The Many Ways of Rolling Grape Leaves

by Sarah on May 15, 2009


Last Sunday Osnat invited me to see how she prepares authentic Kurdish food for a group of about thirty American tourists. This group was coordinated partly by the Jewish Agency, an organization which focuses mainly on helping new immigrants find a vocation in Israel.

I told Osnat that I would help her make the stuffed grape leaves and that I am pretty good at it. I wish I did not say that. She started rolling the grape leaves at an unbelievable speed and I quickly stopped the pretense of knowing anything about Kurdish food, and grape leaf rolling in particular. I just stood back and watched the woman roll! It was incredible to see such magical hands at work.

Now I know four different ways of rolling grape leaves:

1. The “I am a tourist and have no idea how to roll” way. A Turkish wizard invented the grape rolling machine which looks like it could never work but amazingly it does. My neighbor, who was cleaning out her shed found this contraption and came over to ask if I wanted “this piece of junk”. Of course I wanted it! I have almost no use for it but it has endless showoffy potential because it makes perfectly uniform rolls every time. It is limited to specific sized leaves and time consuming for those who already know how to roll.
2. The classic and pedantic way of rolling grape leaves. Place leave shiny side down on a flat surface, put a bit of filling on the leaf close to the stem, fold the sides over and then carefully roll the leaf, tucking the sides in. This is a popular method of rolling, gives good results and is faster than using a machine.
3. Grape leaf rolling for the advanced learner. Take about 500 grape leaves and stuff them in under a minute, including a break for mint tea. Here the grape leaf is held flat on the palm of the hand, shiny side down. The filling is placed along the main center vein of the leaf, and one side of the leaf is folded over, the sides (the top and bottom of the leaf) are folded inwards and the bundle is rolled. This is Osnat’s method, or the method she learned from her mother who came from the village of Homs in Iraq near the Turkish border.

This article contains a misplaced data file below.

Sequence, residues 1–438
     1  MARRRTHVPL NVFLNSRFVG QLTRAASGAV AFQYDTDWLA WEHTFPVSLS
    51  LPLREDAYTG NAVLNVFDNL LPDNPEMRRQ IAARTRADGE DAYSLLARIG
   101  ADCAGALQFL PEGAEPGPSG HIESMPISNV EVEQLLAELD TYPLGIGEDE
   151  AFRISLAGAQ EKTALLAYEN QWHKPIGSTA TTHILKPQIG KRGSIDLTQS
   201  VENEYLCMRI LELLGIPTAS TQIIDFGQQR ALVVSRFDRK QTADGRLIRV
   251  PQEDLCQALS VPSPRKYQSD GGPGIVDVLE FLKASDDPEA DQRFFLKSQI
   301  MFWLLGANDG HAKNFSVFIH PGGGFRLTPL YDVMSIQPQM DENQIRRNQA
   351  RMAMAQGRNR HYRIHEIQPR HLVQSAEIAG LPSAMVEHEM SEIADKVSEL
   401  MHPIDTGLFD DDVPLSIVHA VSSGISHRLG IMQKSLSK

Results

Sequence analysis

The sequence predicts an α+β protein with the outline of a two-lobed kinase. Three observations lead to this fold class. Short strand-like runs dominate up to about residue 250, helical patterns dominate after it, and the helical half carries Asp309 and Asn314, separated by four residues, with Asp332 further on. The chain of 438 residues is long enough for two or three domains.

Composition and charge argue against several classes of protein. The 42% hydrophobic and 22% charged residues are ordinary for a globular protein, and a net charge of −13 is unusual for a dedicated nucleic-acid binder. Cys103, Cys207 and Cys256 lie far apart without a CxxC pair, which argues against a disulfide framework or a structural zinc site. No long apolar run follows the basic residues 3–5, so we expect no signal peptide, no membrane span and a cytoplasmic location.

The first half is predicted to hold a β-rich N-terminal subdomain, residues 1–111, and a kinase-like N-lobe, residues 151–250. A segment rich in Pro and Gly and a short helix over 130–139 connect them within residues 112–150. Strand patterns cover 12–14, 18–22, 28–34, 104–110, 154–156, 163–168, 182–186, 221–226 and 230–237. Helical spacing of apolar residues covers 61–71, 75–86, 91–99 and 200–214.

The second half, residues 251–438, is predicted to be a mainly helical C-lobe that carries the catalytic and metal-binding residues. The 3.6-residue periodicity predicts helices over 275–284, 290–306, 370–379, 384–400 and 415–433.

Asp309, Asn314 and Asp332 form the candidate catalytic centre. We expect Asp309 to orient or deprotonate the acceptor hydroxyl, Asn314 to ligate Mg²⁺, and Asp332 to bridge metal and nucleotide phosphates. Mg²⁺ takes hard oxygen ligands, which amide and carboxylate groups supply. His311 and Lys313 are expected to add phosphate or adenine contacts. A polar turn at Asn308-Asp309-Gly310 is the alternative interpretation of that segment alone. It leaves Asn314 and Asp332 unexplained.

4. This is another version of the advanced grape leaf rolling method. Here a leaf is held flat on the palm of the hand, shiny side down. The filling is placed along the main center vein of the leaf. One side of the leaf is folded over the filling and then the opposite side is folded over that. The top and bottom are folded inwards. This makes more of a square bundle and is the way my grandmother from the Kurdish/Iraqi town of Koysanjak does it.

Osnat’s filling is different than my grandmothers. She makes a mixture of long grain rice, parsley, tomatoes, fried onions, fresh onions, salt, vegetable oil and paprika. The use of paprika is a Turkish influence and is not often used in the southern parts of Iraqi Kurdistan. I will try to make this type of stuffed grape leaf on my own and will write down a more exact recipe but if you are adventurous it is possible to judge the amounts just by the picture.
Related Posts with Thumbnails

{ 4 comments… read them below or add one }

5 Star Foodie May 15, 2009 at 2:23 pm

Thanks for an informative post on how to roll the grape leaves!


OysterCulture May 25, 2009 at 6:24 am

I’m having so much fun checking out your site, I just picked up a jar of grape leaves, so this post was very timely!


Celeste February 9, 2010 at 9:35 am

I learned to make or roll grape leaves from a Jordanian lady while we lived in Florida.
I have a jar of the leaves sitting in my pantry waiting for me to make them.
Star made it look very easy.
My job was unrolling the leaves for her to fill and roll back up.
I remember when taking my chefs training that my one teacher said that the best experience came from observing another cook in his or her kitchen.
Might not look good on a resume, that is, moving from place to place but think of the experience you gain.


Osman December 22, 2011 at 5:45 pm

Kurdish Food is really nice and I often visit my Kurd friends here in Virginia, they make us Kurdish food.


Leave a Comment

{ 1 trackback }

Previous post:

Next post: